In the recent Budget, Philip Hammond announced that he is kick-starting the apprenticeship programme with a £695 million injection. But Steve Nash, chief executive at the Institute of the Motor Industry (IMI), believes that the Chancellor may have “undermined the impact of the changes for small businesses by delaying their implementation.”
Writing in the TES, Mr Nash believes that with the implementation of the Levy reduction for SMEs delayed until next April, many small businesses will try to protect their cash flow and therefore delay their apprenticeship starts.
The motor retail industry is a strong advocate of apprenticeships relying on ‘young blood’ to meet the changes and challenges of the sector, and Mr Nash believes that there is a ‘critical skills gap’ in the industry. He writes that apprenticeships still have ‘an image problem’, citing IMI research that shows that “only 36% of parents would encourage their child to do an apprenticeship” and that “more than one in ten think that people who choose vocational training are not as clever as those who take an academic route after school.”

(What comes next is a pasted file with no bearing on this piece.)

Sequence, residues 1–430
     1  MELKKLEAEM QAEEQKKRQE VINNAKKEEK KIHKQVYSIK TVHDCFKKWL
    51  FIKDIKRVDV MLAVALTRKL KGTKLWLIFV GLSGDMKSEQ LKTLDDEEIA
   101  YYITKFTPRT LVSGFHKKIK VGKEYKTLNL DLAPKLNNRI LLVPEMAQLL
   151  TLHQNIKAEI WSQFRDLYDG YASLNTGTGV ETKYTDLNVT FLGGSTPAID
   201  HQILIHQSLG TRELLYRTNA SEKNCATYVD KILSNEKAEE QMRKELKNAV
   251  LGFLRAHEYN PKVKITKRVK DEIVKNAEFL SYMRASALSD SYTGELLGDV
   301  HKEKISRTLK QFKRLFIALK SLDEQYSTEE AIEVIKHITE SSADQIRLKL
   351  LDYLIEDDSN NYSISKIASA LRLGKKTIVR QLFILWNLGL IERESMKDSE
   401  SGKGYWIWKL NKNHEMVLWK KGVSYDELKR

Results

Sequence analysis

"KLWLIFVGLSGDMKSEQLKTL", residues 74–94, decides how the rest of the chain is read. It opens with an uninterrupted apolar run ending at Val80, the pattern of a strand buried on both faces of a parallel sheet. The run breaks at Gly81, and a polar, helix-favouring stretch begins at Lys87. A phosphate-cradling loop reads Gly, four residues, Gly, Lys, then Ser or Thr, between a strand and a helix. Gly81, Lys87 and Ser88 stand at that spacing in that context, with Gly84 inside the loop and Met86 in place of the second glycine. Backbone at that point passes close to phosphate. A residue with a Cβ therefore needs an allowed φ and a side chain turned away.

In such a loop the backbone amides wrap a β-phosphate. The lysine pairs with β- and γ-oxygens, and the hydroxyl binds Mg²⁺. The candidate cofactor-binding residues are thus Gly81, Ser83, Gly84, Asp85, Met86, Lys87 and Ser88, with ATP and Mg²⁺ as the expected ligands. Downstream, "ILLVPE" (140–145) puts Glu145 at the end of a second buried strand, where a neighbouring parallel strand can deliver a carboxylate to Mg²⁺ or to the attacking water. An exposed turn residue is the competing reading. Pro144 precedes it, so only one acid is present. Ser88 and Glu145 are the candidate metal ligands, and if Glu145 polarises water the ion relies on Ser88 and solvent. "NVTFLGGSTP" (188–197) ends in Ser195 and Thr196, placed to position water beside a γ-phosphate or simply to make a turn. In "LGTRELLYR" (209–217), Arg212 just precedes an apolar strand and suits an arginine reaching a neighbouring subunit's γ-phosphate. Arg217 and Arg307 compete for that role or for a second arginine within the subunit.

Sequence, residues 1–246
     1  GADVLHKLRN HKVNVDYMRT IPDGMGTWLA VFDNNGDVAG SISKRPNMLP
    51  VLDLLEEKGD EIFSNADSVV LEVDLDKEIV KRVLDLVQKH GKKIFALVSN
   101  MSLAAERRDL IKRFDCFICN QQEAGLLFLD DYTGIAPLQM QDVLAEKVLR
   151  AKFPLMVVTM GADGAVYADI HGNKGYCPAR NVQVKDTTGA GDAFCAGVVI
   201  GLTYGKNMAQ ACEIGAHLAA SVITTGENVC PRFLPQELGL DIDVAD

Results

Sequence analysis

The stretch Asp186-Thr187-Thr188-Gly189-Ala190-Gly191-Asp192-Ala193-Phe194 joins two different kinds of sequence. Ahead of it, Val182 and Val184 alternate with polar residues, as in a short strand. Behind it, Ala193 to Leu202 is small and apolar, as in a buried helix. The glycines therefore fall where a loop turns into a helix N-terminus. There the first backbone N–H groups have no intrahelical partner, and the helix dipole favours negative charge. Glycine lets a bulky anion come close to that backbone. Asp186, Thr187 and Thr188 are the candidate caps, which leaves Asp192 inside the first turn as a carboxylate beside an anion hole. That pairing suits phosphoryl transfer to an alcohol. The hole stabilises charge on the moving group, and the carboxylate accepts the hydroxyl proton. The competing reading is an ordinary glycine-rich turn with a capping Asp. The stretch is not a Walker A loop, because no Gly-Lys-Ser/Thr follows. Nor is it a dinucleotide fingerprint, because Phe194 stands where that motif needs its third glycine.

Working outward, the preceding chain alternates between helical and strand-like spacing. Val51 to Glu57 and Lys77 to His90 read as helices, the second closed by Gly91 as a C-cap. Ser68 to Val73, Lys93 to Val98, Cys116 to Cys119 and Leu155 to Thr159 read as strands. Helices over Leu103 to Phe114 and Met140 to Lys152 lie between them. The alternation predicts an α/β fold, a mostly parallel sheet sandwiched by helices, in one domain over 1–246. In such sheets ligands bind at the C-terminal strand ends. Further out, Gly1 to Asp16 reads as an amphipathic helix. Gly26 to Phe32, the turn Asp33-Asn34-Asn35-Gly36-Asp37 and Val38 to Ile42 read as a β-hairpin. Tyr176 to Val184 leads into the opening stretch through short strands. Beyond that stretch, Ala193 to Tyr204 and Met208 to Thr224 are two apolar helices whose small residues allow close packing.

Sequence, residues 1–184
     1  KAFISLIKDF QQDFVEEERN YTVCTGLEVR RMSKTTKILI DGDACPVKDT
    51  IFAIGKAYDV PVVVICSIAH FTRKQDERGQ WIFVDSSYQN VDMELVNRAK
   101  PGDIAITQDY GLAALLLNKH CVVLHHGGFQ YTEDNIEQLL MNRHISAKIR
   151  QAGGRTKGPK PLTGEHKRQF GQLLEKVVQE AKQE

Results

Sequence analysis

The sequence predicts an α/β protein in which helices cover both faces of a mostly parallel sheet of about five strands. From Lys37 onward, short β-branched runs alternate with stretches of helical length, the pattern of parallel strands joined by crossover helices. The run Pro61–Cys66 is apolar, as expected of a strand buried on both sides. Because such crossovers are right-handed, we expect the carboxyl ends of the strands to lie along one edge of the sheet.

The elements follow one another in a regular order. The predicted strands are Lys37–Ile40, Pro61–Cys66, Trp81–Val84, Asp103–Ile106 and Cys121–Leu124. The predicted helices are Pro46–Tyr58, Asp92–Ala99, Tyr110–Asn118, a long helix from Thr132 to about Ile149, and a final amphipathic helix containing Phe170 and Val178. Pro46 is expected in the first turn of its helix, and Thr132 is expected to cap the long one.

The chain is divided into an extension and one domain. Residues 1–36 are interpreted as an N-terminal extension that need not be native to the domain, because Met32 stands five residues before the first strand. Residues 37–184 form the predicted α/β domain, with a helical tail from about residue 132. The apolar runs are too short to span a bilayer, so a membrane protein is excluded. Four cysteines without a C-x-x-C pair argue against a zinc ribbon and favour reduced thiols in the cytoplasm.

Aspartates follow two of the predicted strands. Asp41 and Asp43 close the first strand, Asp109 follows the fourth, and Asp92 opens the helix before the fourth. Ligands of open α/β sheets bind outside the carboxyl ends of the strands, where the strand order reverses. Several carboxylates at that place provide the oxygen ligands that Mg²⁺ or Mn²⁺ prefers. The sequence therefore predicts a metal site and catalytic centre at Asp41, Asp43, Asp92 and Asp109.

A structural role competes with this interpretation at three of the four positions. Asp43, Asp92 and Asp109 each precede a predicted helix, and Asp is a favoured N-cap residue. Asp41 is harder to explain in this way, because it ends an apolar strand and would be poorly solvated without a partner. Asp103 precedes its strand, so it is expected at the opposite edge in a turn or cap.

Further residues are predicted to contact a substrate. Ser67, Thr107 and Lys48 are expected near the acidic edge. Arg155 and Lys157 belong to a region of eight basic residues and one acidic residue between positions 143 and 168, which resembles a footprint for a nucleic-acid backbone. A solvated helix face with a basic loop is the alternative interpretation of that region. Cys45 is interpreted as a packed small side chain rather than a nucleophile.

The perception that apprenticeships are a second-class option for school leavers has increased in the last four years, despite the government focusing on vocational training. Mr Nash has called for a “better understanding and communication among schools, employers and career advisers about the career choices available to young people through apprenticeships.”